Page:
Oranje School pupils share Irma stories with Plasterk

PHILIPSBURG–“I thought I was going to die,” little Ashley Obando told Dutch Minister for Interior Affairs and Kingdom Relations Ronald Plasterk about her Hurricane Irma experience.

The visiting Minister, who never faced a category five-plus hurricane, lived it through his chats with several pupils of Oranje Primary School when he visited on Tuesday morning.
Obando was in her home on Back Street with her parents when her roof was clawed off by Irma. “My father was nervous,” she said. The Minister told her and her classmates he hopes they would discuss their experiences with each other and with their teachers.
Plasterk went from desk to desk in the classroom of teacher Petra Ming talking to pupils about their hurricane stories, among which surfaced some about missing friends who are yet to return to the classroom.
He also spoke to pupils about if they were happy to be back in school and what careers they planned to follow in the future. He was greeted by a myriad of responses.
One pupil wanted to be a soldier in the United States Army. The Minister asked why not the Netherlands Army, “because they were pretty good too.”
Chatty and happy with the attention paid to them, another pupil shouted out: “I want to be a scientist!” To that Plasterk said: “You want to be a scientist? I am a scientist. That’s cool. That’s a great choice.”
After leaving the classroom, Plasterk said, “It has been a traumatic experience for the kids. I talked to the teacher and asked ‘are you ready to handle that?’” He urged teachers to note the stories of the children and compile a report “on the first impression of how they are dealing psychologically.”
The report would go a long way in establishing the support teachers need from his Ministry “to guide the children.”
“Some of these children were saying the roof was blown off. They were scared to death … father was very nervous. Kids also pick up if the parents feel in control or not. So this isn’t over yet,” Plasterk said.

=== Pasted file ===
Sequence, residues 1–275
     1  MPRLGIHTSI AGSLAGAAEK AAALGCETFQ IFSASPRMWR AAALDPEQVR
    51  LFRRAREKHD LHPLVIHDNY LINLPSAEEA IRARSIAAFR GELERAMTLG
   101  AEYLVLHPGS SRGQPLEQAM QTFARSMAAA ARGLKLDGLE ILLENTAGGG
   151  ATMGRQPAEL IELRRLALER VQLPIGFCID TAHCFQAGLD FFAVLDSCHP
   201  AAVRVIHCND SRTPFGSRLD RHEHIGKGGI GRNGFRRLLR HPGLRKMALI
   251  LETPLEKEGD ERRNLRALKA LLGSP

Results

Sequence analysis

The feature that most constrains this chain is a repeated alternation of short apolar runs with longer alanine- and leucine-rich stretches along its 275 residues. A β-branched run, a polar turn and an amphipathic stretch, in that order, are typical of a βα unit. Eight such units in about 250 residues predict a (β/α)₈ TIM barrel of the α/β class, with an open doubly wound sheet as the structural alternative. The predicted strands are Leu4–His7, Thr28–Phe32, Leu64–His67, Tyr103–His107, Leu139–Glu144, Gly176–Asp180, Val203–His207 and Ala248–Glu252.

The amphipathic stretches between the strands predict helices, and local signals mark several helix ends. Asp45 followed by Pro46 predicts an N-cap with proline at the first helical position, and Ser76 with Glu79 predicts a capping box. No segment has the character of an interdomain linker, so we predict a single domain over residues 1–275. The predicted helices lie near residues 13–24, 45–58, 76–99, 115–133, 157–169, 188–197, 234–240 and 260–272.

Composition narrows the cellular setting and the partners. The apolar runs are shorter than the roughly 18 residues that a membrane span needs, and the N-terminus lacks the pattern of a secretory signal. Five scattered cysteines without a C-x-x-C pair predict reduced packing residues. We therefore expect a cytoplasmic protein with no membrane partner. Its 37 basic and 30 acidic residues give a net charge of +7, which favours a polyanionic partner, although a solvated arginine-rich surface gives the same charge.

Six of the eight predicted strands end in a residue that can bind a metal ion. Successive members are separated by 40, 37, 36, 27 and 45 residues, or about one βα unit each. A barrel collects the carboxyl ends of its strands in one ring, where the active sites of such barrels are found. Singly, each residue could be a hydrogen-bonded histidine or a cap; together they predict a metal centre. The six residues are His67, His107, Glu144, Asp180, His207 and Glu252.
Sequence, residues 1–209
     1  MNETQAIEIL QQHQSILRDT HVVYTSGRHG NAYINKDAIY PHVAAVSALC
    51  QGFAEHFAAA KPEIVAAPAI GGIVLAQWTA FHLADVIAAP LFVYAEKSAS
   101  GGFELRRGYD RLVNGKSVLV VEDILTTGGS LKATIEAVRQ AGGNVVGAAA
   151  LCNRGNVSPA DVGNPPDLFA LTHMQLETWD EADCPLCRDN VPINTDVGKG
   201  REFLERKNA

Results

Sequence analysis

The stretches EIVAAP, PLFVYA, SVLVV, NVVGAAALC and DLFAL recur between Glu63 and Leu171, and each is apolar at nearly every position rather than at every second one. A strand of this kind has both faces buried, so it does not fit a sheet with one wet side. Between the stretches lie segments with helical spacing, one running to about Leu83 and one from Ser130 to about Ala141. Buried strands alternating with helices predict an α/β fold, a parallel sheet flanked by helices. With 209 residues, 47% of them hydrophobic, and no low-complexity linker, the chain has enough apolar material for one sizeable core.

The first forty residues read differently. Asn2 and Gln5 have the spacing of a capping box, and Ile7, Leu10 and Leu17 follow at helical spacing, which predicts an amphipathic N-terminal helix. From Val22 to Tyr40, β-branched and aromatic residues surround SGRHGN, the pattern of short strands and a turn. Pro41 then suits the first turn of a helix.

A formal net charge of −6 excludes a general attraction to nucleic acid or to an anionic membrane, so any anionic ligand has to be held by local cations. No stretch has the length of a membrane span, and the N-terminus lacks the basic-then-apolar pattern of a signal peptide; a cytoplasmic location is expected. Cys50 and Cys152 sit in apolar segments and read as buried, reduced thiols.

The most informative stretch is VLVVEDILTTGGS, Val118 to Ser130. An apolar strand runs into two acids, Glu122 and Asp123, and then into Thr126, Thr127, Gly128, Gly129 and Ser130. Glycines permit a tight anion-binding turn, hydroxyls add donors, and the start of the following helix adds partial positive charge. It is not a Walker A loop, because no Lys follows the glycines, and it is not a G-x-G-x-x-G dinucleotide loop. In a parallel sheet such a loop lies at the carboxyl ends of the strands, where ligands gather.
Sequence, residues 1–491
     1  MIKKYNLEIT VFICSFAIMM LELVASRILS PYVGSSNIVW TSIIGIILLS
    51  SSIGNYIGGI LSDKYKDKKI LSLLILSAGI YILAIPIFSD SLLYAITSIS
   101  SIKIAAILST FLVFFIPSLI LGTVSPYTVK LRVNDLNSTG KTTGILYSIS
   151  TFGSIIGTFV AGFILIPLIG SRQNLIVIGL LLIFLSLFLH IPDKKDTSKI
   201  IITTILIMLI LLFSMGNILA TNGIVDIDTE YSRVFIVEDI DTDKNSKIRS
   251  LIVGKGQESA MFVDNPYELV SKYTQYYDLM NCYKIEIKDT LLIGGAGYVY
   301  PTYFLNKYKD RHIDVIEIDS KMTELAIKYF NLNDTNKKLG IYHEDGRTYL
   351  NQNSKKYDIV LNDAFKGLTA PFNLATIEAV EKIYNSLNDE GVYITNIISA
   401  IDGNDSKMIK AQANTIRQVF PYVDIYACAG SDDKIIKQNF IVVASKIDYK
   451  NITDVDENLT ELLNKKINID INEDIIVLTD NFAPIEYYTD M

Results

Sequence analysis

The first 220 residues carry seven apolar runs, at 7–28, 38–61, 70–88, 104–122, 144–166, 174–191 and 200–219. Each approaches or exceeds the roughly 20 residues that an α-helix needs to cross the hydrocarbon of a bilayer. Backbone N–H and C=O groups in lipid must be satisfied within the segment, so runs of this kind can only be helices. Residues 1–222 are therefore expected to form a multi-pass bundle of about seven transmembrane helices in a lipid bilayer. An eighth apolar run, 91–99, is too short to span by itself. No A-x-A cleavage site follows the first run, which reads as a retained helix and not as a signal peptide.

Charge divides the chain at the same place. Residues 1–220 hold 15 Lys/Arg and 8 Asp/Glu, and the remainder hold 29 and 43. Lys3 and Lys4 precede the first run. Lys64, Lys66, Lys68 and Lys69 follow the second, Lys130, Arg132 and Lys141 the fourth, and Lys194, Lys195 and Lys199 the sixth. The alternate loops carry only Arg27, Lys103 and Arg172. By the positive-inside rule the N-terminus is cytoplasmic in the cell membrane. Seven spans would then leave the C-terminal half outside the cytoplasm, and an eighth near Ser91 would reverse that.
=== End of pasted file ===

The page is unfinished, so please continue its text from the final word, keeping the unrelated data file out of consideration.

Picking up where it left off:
The Dutch military has done a great job with the initial repair to schools, he said. But, “there is an underlying damage to the society that always lands in the school … if the parents are out of work, if the income is too low, the food is not good enough and then the kids come to school the teacher will have to deal with that.”
He added, “It is not only the building issue, there is also other damage … if we can be of any help as a kingdom on that side, we are happy to do that.”

Art for coping
Ming, like her pupils, is happy to be back in class. Her class usually comprises 22 pupils; only 16 have reported to school. The status of the remainder is not clear. They could have been evacuated or staying elsewhere with relatives.
Coping with the aftermath of Irma is happening in the classroom through the telling of stories, drawings and writing by the pupils.
Pupils are “a little calm” and are enjoying the activities now, Ming told The Daily Herald. However, she has some worry about how they will manage once the regular curriculum and study pressure return.
For now, she has allowed them to sit together with friends, a non-standard placement in the classroom. “I am letting them sit with friends who they are comfortable with. They are healing with each other.”
Four classes for Groups Seven and Eight are in session. Some 50 pupils form the classes, School head Sonia Parrotte-Warner told this newspaper.
Quite a number of pupils from the two groups have not yet returned to the classroom. Parrotte-Warner has attributed this to homelessness and displacement. “There is a lot of homelessness. Some also don’t have electricity or water.”
The loss of school uniforms and supplies are also factors in low attendance, she said, even though the school has not placed strict emphasis on pupils in uniform.

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Food and flies
Asked what is still immediately needed, Parrotte-Warner said “We are working with what we have for now, but we do need a telephone line. This is vital for communication.”
The continued provision of breakfast and lunch boxes is also needed, she said. Government does provide breakfast boxes, but there is still need for more and for a sustained programme at the school now more than ever.
Bottles of water are received and handed out to the pupils every day.
Child-friendly insect-repellent is also welcomed by the school. Flies are a bother as they are in many areas of the country.

Angels in green
It is in part thanks to the Royal Dutch Marines deployed to St. Maarten that the country’s oldest school is back in session as of September 28.
A contingent of seven soldiers, assigned to the school, repaired damaged roof sections and cleared a huge tree from the schoolyard in the past three weeks. The group was fondly referred to by school officials as “angels in green” for their service to the school.
The interior of some school buildings still need attention. Government is expected to send a contractor to take care of the damaged ceilings and other finishing.
Parrotte-Warner commended the military men, comprising mostly soldiers named Marc and Kevin. Each one was presented with a token of appreciation from the school.

Source: The Daily Herald https://www.thedailyherald.sx/islands/69847-oranje-school-pupils-share-irma-stories-with-plasterk

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